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Just as we were sitting down to work, a one-two effort was made to disrupt it, by none other than that lovely leader formerly known as Saddam. In the first instance, at least a couple of Saddamy doubles read a state of the union speech to television viewers. In the second, an early-mourning Saddam came out of the ground to be greeted and kissed by a slew of male joggers. There were no female joggers in the picture, perhaps because they have long been regarded as a threat to Saddam’s vision of Iraqi camaraderie. For that reason alone the fellow is not fit to rule.

But what a sweet smile he conveyed. He loves to be loved by the Iraqi in the street. Some call it the Iraqi Man-Man Association. So long as he projects serenity, regime change may not be at hand. Which is terrible news for Sen. John Kerry, who is counting on parlaying regime change in Baghdad into regime change in Washington. Forget it. Kerry clearly lacks the requisite charisma. People paw and peck at Saddam. When’s the last time anyone dared blow a kiss Kerry’s way? Or even pelt him with an unboiled egg? He seems a cold and bitter man, the smallest tall man in American politics. Moreover, left to his own devices he remains the denim-shirted and be-jeaned anti-American venter of his youth. Where did we get young men likes this?

Hoping to become the tallest small man in American politics, Tom Daschle came out on behalf his new best friend, the former David Brock, at a Capitol Hill party in honor of the former Brock’s Alzheimerish memoir, which is now out in paperback and thus easier to lift. “I really admire David Brock,” Daschle said about the guy who set the Clinton impeachment in motion. “David, you’ve given us inspiration to fight,” Senate Democratic whip Harry Reid chimed in. “I think you’ll see a new Democratic Party in the future.” Watch out. Looks like the party’s going Baathist.

The former Al Gore was nowhere to be seen, his natural condition. But he did rush to the defense of the Dixie Chicks, particularly their right to attack their country’s leaders from foreign soil. Anyone can be a Bushwacker from the safety of his own backyard. But greatness and class can only be demonstrated by joining with foreigners in hurling rocks and explosives at the local American embassy.

Showing he’s got a little kick left in his radical nature, German foreign minister Joschka Fischer, when it appeared that Saddam and his doubles were history, expressed hope the Iraqi government would collapse. Joschka leads his league in kicking dead men from behind. Auditioning for a place in German politics, Pearl Jam lead contortionist Eddie Vedder impaled a mask of President Bush on a microphone during a performance in Denver, Bavaria. Everyone concurred it was a Wagnerian moment.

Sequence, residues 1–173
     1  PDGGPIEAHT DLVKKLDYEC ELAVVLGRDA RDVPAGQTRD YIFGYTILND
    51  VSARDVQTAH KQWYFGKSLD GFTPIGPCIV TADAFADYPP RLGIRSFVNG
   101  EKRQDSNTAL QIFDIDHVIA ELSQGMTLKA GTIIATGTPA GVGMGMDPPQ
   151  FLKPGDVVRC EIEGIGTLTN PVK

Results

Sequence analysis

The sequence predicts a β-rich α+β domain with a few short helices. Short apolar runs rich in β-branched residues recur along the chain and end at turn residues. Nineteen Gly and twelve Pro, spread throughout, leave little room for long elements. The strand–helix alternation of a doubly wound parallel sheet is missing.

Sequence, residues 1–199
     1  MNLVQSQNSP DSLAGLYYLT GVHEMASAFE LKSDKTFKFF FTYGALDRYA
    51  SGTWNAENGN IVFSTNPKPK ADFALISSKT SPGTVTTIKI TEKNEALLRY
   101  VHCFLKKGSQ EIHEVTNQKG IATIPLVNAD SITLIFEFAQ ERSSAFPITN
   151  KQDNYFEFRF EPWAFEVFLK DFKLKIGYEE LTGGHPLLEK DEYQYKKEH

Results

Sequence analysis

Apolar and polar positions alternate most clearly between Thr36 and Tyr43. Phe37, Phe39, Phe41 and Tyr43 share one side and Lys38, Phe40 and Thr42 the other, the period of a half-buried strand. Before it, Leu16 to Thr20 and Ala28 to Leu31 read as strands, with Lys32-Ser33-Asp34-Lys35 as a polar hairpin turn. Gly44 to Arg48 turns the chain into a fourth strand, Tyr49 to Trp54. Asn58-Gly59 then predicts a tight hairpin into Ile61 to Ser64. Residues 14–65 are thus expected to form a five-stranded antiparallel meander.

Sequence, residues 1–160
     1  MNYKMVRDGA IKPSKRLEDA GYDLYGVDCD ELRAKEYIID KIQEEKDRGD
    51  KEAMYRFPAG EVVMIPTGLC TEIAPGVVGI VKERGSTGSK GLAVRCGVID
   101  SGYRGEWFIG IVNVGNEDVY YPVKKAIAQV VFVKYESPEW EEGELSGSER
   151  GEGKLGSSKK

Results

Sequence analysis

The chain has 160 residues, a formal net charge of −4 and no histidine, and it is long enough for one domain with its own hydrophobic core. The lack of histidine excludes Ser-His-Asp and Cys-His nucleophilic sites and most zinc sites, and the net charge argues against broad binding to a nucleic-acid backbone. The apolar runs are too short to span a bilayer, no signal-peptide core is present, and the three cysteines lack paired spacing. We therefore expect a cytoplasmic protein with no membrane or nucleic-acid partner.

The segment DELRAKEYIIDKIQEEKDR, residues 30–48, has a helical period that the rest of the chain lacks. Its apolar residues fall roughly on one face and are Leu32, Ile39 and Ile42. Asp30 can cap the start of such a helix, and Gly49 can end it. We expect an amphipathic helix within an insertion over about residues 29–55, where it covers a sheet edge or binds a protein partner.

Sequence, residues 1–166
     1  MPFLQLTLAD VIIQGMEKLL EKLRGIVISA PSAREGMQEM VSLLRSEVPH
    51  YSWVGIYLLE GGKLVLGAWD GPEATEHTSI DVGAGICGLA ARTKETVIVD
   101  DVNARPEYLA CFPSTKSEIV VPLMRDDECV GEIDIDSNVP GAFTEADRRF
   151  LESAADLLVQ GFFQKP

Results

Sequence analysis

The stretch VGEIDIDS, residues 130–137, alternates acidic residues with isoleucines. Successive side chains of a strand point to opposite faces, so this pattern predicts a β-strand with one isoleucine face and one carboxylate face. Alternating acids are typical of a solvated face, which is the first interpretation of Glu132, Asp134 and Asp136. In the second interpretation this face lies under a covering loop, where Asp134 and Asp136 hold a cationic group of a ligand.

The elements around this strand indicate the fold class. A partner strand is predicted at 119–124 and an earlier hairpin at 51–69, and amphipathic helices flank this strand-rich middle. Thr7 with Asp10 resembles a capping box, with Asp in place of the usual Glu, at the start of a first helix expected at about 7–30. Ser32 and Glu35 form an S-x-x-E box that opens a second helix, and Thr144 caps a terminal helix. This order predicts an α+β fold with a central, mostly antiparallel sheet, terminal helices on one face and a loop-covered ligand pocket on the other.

Madonna, the American Valkyrie, delayed release her new seditious video in the U.S., but went right ahead with distribution in the German Reich, where deathly political performance art remains all the rage. You don’t have to travel to Cabaret country to be scared out of your wits. Just catch EOW laureate Terry Moran anchoring the ABC weekend news. Such big eyes you have, Mr. Moran. They make for Grimm reading.

Now, in an unusual sign of compassion, we don’t like the looks of Ted Koppel in military garb standing in the middle of nowhere night after night in the Iraqi desert. Even if he has stopped reminding us of Michael Dukakis boarding an Army tank, Koppel’s fatigues seem too big for him, and too crisply pressed. Then there’s the problem of the strange resemblance his orotund now bears to Walter Cronkite’s in its heyday.

Give us the old rumpled look on a tried American battlefield any day. For instance, Columbia University, where academic suicide is a long-standing practice. In his first taste of fame, a professor by the name Nicholas De Genova has wished upon our armed forces a “million Mogadishus.” An investigation has determined that Professor De Genova is a mere assistant professor. Which, according to our sleuths, suggests he lacks tenure and the protections it offers to older loose lips in his midst. So even if he’s not fired he’s not likely to be renewed. True, the Sorbonne could make him an offer. But after hearing that De Genova held this week’s distinguished Enemy of the Week chair, it is more likely to prefer stable talent along the lines of Peter Arnett or Geraldo Rivera. And so, what began at a teach-in ends in a teach-out, all because a hothead prof chose to engage in unprotected free speech.

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